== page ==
rock n raise set

Rocky Start for Rock N’ Raise

My nose dripped snot as I pounded nails into a wooden frame. My spine ached from hunching and my fingers felt splintered. I was tired, cold, and hadn’t eaten a thing in hours, except for my words. “Just hand me a hammer and nails and I’ll make it happen,” I assured those who heard about the set design idea. 

Everybody expressed severe doubt when I explained what we were trying to build: wooden frames to resemble the shape of a doorway. I somehow needed to construct six of them. Even the male employees at Home Depot questioned us. It was as if women’s brains fell out of their heads as soon as they step foot into a home improvement store.

It was not that we didn’t need help. We just didn’t want any help. We wanted these sets to be amazing. Amazing and built by us. My producers and I headed toward the lumber section unaccompanied. We strutted past scattered men in bright orange vests and tool belts who looked at us with perplexed faces. The men were like lions ready to pounce at the sight of us, as if we were a feeble group of antelope. We snubbed their offer to assist and quickly found ourselves in aisle ten. 

We stared at the wall lined with two-by-fours pretending like we knew exactly what we were looking for. There was a man down the same aisle standing a few feet away from us. We resisted the urge to ask him if he knew what premium standard lumber meant. So we picked the cheapest one and grabbed nine of them.

Then we maneuvered our way to tools and hardware. We were faced with an entire aisle of metal. We needed to find nails that were large enough to withstand layers of strung yarn, but small enough not to split the wood. Unfortunately, we didn’t know a single thing about what we had already bought. So we caved and asked one of the men with an orange vest.

We waved over one of the guys standing at the register with no line. He wasn’t doing anything important. His name was Jon.

Jon walked over with a goofy smile and over one dozen customer service pins on his belt.

“So we’re trying to build frames, hammer nails around each frame, and string yarn back and forth to each end,” I explained. He placed his hands on his hips. “What is this for anyway?” he said looking confused. Here we go with the questions, I thought. “We’re building a set. A studio set.”

“Well alright. Why don’t you try these?” he said as he picked up a small box of 1inch steel sinker nails for $2.74. I grabbed the box from his hands and examined the nails inside. But before I could say anything, he was already handing me three other small boxes, each with different size nails inside. I began to feel overwhelmed. So I waited until he turned his back once more and decided to make a run for it.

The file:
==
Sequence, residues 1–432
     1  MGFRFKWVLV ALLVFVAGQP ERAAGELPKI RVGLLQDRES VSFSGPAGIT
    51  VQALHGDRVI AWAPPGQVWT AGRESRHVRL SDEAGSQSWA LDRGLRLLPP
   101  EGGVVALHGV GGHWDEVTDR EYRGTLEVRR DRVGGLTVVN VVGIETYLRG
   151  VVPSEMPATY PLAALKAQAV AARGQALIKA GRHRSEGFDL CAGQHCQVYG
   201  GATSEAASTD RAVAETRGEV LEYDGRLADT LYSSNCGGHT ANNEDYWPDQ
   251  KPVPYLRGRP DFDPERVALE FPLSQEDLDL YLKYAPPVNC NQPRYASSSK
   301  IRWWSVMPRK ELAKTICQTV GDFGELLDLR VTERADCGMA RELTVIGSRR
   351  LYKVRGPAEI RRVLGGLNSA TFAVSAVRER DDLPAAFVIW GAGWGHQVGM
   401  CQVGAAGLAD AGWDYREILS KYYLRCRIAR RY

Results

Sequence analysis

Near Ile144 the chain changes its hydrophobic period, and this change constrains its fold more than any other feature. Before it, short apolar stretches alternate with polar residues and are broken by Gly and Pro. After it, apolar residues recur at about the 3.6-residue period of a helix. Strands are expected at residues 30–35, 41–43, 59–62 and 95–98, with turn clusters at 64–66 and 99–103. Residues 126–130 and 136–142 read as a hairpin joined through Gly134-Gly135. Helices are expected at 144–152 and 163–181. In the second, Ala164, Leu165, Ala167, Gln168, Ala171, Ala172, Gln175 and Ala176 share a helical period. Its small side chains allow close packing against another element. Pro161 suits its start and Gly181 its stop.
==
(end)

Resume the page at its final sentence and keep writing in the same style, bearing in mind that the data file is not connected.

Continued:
We turned heads the rest of the afternoon collecting the necessary supplies for our project. By the time we checked out at the register, we felt a sense of relief, especially when Jon called across the store to wish us good luck and to offer his services for the hundredth time. This explains those customer service pins.

After all was said and done, our fingers were bruised and bloody but we had nailed frames. It didn’t matter what materials were used, it just mattered that the pieces were assembled. It was time to string yarn.

I began by tying one end of a string of yarn to the corner of the frame and triple knotting it. The last thing I wanted was the yarn to unravel. After securing the corner, I passed the ball of yarn to my fellow producer who sat directly opposite of me on the other end of the frame. The point was to string the yarn around two nails and pass it back and forth, creating an optical illusion effect. Staring at the pattern made me feel light-headed and like I had just lost my mind in a fun house or something. Each frame took just about an eternity to complete. But we couldn’t wait to see the end result.

The next day we strapped the frames to the roof of my car and drove to campus. I think the police might have been after us for endangering other drivers on the road but we didn’t stop. When we reached campus, we hauled the set pieces into the television studio and rigged them up to stirrups on the end of 15 foot poles. We clamped the frames to the aluminum contraption that hung from the ceiling and ran to the storage closet. 

Rummaging through the cables, speakers, and other electrical junk, I finally found the LED light strips. I stopped for a moment and held them up in the air like Rafiki held Simba in The Lion King. I plugged the strips into the nearest outlet and pointed magenta light up towards the wooden yarn structure. I nearly cried of happiness.

The lit piece looked like something you’d see on set at the Grammy’s. While I stared in awe at the amazing set piece we built, I heard something hit the ground. It sounded like a small screw. Before I could figure out what it was, my entire creation collapsed.

PHOTO TAKEN by Olivia Caruso